In 1866, seven freedmen gathered for the purpose of forming a church. Receiving the necessary certification from the Nineteenth Street Baptist Church, these former slaves set themselves apart and formed the Fifth Baptist Church of Washington, DC. They called as their pastor the Reverend John Henry Brooks, a former Union army wagon driver.
has been blessed to have only
pastors. Reverend John Henry Brooks,
our first pastor, shepherded the
from 1866 until his death in
Under his pastorate, the church was renamed and erected what is
now the main sanctuary of the church.
We were blessed
when God sent
Reverend George Wellington Lee to
our second Pastor. From 1885
1910, Reverend Lee guided us,
his world‐renowned stature and reputation
to our burgeoning position as one
the nation’s leading churches. During
Reverend Lee's Pastorate, the current front of the main church
building, along with it's distinctive tall steeple, was
From his deathbed in 1910, Reverend Lee commissioned Reverend James Edward Willis, our third pastor, to tend to the church. Reverend Willis, “Little David” as he was affectionately called, was an extraordinary preacher. His leadership, from 1911 until 1928, kept the spirit and development of our church on fire for the Lord. During his pastorate, the back of the main sanctuary was built, containing the current choir loft and pulpit.
At Reverend Willis’ sudden death in 1928, the Lord furnished the church with Reverend Chasteen Theophilus Murray. From 1929 until his retirement in 1969, Reverend Murray steered this congregation toward unparalleled growth and development in the midst of some of our nation’s most troubling times. During his forty years of pastorate, Reverend Murray reorganized the church and formed countless clubs and auxiliaries, while numerically and spiritually we continued unprecedented growth. During his pastorate, the C.T. Murray Extension Center building was erected, enlarging the classroom space, adding a larger cafeteria, kitchen, and church office, and a multipurpose Roof Garden for outdoor activities.
At the announcement of his retirement, Reverend Murray recommended that Reverend John Rayford Wheeler, a son of the church, become its fifth pastor. On March 2, 1969, Reverend Wheeler was installed as pastor and an era of leadership began that would propel us into an unmatched position in our nation and in various parts of the world. March of 1969 was less than a year after the riots in DC launched a mass exodus from the urban neighborhoods of our past to the newly developed and integrated suburbs for many of our people. In spite of the challenges of urban withdrawal and abandonment, Reverend Wheeler used his unique style and personality to consistently lead the nation’s Baptist Churches in giving to Foreign Missions. Under his leadership, we were the first African American Baptist Church to give $50,000 to the Foreign Mission Board. Our purchase and gift of a church to the Baptist congregation in Kwa Mashu, Zululand, South Africa, stands as testament to the magnitude and commitment of Reverend Wheeler’s zeal for missions.
In the early 1990’s, while other churches were finding homes in the suburbs, Reverend Wheeler led our congregation to construct, then retire the mortgage on the John R. Wheeler Family Life Center, a facility complete with a bowling alley, an exercise room, a modern cafeteria and a luxurious banquet hall. Our Family Life Center serves as a model for churches interested in the holistic approach to ministry. It has allowed us to open our doors to numerous groups and individuals, some of whom who have no church affiliation or rearing. The Family Life Center has proven to be an invaluable missionary tool in our ministry.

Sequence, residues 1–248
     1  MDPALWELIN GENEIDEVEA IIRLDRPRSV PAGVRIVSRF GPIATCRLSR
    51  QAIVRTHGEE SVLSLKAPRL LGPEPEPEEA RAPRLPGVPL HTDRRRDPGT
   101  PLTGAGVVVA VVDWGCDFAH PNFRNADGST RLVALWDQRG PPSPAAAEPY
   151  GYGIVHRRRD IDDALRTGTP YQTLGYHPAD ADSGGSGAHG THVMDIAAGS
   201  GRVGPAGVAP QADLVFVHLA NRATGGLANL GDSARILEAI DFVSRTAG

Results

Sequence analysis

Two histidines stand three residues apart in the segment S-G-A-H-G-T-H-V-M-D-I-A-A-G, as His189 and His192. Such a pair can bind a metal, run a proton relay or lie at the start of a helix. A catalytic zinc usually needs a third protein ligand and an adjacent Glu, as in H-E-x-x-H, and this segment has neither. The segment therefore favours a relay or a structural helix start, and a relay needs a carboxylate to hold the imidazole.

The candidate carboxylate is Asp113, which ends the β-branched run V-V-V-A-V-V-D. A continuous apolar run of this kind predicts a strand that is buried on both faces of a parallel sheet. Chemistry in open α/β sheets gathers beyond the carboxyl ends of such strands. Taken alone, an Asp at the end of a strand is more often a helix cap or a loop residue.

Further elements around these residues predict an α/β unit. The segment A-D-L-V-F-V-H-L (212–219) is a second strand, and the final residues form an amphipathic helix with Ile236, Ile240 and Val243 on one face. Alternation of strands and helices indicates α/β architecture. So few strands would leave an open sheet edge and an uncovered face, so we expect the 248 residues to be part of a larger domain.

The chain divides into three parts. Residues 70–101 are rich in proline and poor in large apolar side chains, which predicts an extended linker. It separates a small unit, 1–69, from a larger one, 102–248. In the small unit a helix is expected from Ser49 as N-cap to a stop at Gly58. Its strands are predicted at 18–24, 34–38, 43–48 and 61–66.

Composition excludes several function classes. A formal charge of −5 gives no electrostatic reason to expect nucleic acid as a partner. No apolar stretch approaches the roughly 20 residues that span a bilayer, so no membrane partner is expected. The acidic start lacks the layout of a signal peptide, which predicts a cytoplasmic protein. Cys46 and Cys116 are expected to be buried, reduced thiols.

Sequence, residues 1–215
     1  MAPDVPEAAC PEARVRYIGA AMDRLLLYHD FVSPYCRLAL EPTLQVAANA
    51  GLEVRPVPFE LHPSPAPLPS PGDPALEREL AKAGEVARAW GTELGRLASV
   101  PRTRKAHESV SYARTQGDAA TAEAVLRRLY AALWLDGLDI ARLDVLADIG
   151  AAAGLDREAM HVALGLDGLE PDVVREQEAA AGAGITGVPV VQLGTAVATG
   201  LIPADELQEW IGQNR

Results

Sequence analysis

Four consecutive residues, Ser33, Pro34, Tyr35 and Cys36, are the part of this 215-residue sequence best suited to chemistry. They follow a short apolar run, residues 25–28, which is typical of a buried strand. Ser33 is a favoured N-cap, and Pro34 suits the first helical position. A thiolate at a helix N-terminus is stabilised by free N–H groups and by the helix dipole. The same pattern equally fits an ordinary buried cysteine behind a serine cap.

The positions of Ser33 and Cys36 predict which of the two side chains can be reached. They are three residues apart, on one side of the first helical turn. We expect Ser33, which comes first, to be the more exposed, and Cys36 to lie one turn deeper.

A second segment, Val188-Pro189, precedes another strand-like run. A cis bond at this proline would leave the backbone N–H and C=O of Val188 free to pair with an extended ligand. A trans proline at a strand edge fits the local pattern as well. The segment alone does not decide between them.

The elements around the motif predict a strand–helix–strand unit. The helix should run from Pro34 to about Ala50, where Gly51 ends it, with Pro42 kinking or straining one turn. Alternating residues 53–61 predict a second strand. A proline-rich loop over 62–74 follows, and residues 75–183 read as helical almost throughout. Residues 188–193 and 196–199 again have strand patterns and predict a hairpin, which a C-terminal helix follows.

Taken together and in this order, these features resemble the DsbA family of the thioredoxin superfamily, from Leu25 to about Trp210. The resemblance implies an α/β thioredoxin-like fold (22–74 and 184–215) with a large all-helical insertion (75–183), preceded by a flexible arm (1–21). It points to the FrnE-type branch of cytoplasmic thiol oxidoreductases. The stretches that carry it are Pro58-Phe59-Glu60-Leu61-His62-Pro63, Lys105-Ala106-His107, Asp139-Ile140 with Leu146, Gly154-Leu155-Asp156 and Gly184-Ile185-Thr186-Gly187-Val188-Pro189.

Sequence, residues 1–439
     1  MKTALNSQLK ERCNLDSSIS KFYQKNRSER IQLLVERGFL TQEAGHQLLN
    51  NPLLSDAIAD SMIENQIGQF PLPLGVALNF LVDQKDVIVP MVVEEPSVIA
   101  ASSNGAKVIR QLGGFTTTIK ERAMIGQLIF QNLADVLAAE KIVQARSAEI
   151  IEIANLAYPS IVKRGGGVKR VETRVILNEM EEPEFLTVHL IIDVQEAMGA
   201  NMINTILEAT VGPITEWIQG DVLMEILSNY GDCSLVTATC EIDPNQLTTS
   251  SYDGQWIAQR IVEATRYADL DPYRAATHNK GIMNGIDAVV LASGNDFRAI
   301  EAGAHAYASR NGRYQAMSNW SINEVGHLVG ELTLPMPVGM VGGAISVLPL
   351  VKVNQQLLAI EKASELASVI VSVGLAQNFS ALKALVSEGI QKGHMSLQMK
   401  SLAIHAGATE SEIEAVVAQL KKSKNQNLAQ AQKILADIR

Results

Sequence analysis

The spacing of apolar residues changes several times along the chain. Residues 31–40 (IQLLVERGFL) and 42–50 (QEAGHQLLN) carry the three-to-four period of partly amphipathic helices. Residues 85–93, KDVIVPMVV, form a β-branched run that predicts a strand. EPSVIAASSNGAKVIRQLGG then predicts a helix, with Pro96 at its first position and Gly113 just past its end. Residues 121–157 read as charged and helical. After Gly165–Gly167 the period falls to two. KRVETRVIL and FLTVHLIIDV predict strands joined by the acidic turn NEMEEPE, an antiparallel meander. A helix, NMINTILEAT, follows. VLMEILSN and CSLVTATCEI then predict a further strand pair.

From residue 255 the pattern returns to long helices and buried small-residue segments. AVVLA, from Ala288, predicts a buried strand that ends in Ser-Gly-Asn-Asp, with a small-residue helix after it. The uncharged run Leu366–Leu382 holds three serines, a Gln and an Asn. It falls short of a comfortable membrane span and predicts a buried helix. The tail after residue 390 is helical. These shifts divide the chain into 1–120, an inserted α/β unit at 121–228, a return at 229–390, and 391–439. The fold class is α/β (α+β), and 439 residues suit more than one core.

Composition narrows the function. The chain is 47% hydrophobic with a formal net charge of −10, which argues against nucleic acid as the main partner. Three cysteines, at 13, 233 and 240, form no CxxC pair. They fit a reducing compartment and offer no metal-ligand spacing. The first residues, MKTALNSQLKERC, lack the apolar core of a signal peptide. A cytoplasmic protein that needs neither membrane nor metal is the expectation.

Reverend Wheeler’s tireless dedication to leading souls to Christ and helping families as they struggle to improve their lives has made the name Vermont Avenue Baptist Church synonymous with “Missions”. In addition to the “firsts” in Foreign Missions, and our standard setting Family Life Center, Reverend Wheeler’s vision led us to the establishment and implementation of the city’s first “Shoe Fund”. Children all over this city have been provided appropriate shoes empowering them to attend school without the embarrassment and physical peril of worn and tattered shoes. The Higher Education Fund, another accomplishment under Reverend Wheeler, provides assistance to college students in the purchase of books and supplies. These programs, in addition to the monetary gifts supporting Historically Black Colleges and Universities and Baptist Seminaries, have assisted thousands in their quest for a more abundant life.
to missions has been just a
of the ongoing ministry of our
church. Most importantly, Reverend
has continued in the legacy of
pastors before him in preaching the
Word of God. We have remained
church wholly dependent on God as
source and provider of every good
perfect gift. It is through
hearing of the Word that we
benefited most. Reverend Wheeler’s
distinctive sermonic lessons have brought
us all to a higher, more
appreciation for the truth in the
Word that makes us free.
In 2007, after the passing of Rev. John R. Wheeler, the church confirmed the naming of Co-Pastor Cornelius Wheeler as the sixth Pastor of Vermont Avenue Baptist Church. Rev. Cornelius Wheeler had served as Co-Pastor for five years and directed the church during the long illness of his father. His dynamic, bible-based, lesson-focused ministry serves as the foundation for a church that continues to prove itself relevant to the present, standing on our history, and reaching for the future in the name and cause of Jesus Christ.
We have so much for which to be thankful!
Reverend John H Brooks